Brexit’s last chance before the voters take control


If the gridlocked British Parliament had suddenly come to a united Brexit stance on Monday, it would probably have been dismissed as an April Fool’s gag anyway. Of course, no such thing happened.

Monday night’s parliamentary vote saw lawmakers choosing between four Brexit options instead of eight the previous week. Progress of a sort.

But once again, they said no to everything. Partly, that’s down to the process: MPs weren’t told they had to choose just one option, or rank them by order of preference, which would have been revealing.

None of the votes are binding on Theresa May’s government. That meant voting could be used tactically.

If there was any common thread to the results, though, it was that all the options received more votes than May’s deal when it was rejected for a third time last Friday.

This suggests that if there is a consensus somewhere, it’s toward a Brexit that leaves the UK tied more closely to the European Union (EU).

That isn’t a message to which Brexiters in May’s ruling Conservative Party are listening.

The option with most support was a “confirmatory” referendum, a public vote to confirm whatever deal Parliament decides on.

But even that wouldn’t have moved the ball much. It would require, firstly, that lawmakers settle on a Brexit path.

Then it would need the EU to grant a long extension to allow for a referendum and the UK to be willing to take part in European Parliament elections in May.

The option closest to a majority — with 276 to 273 votes in favour — was for a permanent customs union with the EU, something already in place as part of Britain’s EU membership.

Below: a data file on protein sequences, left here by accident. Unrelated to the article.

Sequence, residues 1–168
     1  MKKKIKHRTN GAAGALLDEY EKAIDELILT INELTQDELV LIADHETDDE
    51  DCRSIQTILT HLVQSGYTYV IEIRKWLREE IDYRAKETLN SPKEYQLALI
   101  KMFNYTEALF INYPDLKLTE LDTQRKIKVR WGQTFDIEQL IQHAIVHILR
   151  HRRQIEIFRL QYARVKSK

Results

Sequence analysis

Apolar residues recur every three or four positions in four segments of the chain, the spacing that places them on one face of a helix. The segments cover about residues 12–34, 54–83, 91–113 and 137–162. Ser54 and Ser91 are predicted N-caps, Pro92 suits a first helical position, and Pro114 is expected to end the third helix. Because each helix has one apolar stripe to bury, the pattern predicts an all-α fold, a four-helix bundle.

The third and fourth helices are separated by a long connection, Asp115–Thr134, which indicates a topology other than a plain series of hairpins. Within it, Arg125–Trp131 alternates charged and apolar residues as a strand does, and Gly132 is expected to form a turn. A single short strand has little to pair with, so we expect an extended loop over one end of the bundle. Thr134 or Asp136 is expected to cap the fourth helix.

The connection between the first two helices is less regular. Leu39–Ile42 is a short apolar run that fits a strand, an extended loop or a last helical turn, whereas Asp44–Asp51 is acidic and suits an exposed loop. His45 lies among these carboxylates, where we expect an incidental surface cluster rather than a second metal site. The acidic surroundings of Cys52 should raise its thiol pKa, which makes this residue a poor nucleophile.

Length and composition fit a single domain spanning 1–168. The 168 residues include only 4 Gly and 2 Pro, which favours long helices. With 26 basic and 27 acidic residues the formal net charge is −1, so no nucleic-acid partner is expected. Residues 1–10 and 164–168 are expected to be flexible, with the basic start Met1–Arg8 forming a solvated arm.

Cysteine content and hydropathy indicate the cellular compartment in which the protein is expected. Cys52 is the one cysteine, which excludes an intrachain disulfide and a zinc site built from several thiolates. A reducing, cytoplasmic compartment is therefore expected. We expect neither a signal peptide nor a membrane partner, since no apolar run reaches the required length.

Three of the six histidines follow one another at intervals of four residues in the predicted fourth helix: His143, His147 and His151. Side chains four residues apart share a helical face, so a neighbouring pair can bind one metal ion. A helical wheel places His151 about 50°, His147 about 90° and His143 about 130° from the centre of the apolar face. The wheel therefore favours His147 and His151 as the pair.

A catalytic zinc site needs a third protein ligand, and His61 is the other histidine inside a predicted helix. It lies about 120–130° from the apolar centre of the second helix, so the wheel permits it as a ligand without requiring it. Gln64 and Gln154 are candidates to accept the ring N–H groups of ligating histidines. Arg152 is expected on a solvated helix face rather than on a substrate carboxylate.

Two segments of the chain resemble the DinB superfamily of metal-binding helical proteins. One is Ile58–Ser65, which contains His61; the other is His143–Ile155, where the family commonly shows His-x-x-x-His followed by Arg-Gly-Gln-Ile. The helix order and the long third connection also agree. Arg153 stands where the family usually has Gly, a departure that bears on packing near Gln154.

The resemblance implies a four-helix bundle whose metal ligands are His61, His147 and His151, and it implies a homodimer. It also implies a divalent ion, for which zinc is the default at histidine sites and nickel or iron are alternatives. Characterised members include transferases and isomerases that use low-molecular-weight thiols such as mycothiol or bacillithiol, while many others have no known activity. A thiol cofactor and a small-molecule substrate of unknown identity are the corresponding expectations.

This would avoid tariffs between the UK and the bloc and would be a relief for British industry, which relies heavily on imported inputs into products that are then exported.

It would avoid costly and burdensome rules of origin checks. A customs union would also go a long way (though not entirely) toward keeping the border open between Northern Ireland and the Republic of Ireland, a problem that has been the chief block on May’s own Brexit deal.

Still, a customs union is far from a “soft” Brexit. It would entail extra costs and trade frictions, from import/export documentation to regulatory checks for plant and animal products.

Nor does it help much with Britain’s all-important services sector, where tariffs don’t apply.

The deal-breaker for Brexit hardliners, however, is that Britain wouldn’t be able to conduct its own trade deals.

This freedom has become totemic for Brexiters, even if there’s nothing to suggest that the UK would be able to replicate, let alone improve on, the trade terms it already gets around the world as an EU member.

Meanwhile, the clock ticks down to April 12, when Britain will crash out of the EU without a negotiated exit deal unless one of three things happens: Parliament approves a deal; decides to abandon Brexit altogether; or manages to get the EU member states to give it more time.